This article from September details the struggle in China to preserve Kunqu opera and earn the appreciation of new audiences through an updated version of The Peony Pavilion. The production's director, lead actor and producer Zhang Jun believes that modernizing the opera is one way to build a new fan base:
Performed in the Qing-style Kezhi Garden, the hour-long “Peony Pavilion” isn’t simply catering to Kunqu opera lovers. The show has been updated to appeal to a wider audience, hoping to revive the art. The most striking change is that instead of the full 18-hour long show, which was presented in 1999 at New York’s Lincoln Center Festival, the Zhujiajiao performance is only 60 minutes, condensed for the modern Chinese audience. Less time means a need for greater impact in those 60 minutes, so this time around, Oscar-winning composer Tan Dun and choreographer Huang Doudou, one of China’s most celebrated modern dancers, are both part of the abbreviated production.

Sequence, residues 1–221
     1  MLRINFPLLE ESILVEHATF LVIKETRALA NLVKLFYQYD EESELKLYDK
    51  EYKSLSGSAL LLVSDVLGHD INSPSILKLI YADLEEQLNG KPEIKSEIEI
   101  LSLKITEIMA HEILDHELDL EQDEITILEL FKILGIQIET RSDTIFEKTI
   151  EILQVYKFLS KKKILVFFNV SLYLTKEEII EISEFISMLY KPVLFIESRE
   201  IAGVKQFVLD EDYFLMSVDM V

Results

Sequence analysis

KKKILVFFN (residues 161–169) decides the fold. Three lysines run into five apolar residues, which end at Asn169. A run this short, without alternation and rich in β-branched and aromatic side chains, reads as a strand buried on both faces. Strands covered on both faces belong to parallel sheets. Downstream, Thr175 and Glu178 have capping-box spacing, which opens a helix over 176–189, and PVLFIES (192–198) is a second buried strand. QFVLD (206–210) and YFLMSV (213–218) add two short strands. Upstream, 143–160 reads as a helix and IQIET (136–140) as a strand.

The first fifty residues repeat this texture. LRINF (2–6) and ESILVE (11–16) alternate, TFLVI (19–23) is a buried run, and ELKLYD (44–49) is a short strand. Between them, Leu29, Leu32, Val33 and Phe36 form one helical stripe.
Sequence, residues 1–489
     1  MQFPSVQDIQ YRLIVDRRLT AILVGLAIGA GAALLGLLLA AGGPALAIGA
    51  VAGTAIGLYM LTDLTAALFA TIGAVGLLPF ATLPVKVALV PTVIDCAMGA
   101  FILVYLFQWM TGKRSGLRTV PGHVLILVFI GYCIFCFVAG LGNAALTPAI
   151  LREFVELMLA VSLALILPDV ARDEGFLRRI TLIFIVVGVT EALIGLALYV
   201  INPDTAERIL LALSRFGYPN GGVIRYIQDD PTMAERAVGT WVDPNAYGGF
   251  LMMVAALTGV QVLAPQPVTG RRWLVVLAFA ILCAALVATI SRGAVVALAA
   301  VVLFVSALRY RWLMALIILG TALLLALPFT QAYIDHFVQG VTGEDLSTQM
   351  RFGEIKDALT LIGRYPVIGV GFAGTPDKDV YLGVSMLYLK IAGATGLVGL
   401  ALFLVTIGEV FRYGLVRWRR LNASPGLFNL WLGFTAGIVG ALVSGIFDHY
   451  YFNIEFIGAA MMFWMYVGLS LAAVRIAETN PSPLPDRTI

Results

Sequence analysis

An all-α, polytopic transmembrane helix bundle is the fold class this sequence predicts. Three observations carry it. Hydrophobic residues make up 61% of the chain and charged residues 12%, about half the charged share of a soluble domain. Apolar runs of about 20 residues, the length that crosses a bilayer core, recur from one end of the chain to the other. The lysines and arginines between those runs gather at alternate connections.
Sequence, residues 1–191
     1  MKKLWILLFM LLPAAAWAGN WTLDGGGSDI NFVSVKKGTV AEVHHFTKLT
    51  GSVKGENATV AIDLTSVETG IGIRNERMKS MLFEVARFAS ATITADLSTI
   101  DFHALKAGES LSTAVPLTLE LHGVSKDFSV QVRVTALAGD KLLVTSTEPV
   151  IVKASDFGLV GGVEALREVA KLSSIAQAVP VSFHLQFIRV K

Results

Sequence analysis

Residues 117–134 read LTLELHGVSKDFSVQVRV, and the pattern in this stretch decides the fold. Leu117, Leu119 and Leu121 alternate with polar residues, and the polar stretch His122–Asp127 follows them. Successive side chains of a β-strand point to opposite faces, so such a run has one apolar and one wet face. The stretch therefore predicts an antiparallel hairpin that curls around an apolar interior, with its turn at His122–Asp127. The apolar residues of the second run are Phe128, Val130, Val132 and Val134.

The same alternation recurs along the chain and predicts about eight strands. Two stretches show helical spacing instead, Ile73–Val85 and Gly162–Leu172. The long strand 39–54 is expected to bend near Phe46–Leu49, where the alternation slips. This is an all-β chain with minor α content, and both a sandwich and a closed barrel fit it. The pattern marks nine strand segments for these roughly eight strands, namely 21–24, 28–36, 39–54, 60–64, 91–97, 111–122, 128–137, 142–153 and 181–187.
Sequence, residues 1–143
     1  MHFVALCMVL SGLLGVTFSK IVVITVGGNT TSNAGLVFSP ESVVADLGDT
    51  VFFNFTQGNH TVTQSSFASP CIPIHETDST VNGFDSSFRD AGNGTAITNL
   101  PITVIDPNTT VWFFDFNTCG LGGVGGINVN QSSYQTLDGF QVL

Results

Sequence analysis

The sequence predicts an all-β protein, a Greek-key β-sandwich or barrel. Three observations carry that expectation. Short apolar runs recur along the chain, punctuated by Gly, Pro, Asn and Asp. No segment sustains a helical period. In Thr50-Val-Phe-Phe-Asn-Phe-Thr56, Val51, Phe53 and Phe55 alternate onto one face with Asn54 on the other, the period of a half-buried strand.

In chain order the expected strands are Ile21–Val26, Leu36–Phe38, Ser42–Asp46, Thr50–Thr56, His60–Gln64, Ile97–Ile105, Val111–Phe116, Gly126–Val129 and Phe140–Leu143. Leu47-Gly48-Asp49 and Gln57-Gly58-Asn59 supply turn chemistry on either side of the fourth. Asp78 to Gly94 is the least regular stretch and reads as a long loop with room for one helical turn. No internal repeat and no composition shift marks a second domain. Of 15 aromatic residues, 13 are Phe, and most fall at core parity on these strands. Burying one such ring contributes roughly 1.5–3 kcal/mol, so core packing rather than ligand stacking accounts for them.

Read the entire article HERE
I'm not sure how I feel about adding sleek production elements and celebrity figures to help bring about a new fan base for Chinese opera (this strikes me as rather flashy and out of context), but all art forms undergo stylistic changes as a result of the era in which they're produced. On that note, I see no reason why modernized operas shouldn't receive critical attention, but I also hope that historical research and carefully examined source materials (like those that were considered for the making of 1999's full-length Peony Pavilion) will continue to inform traditional Chinese opera productions of quality alongside other modernized versions.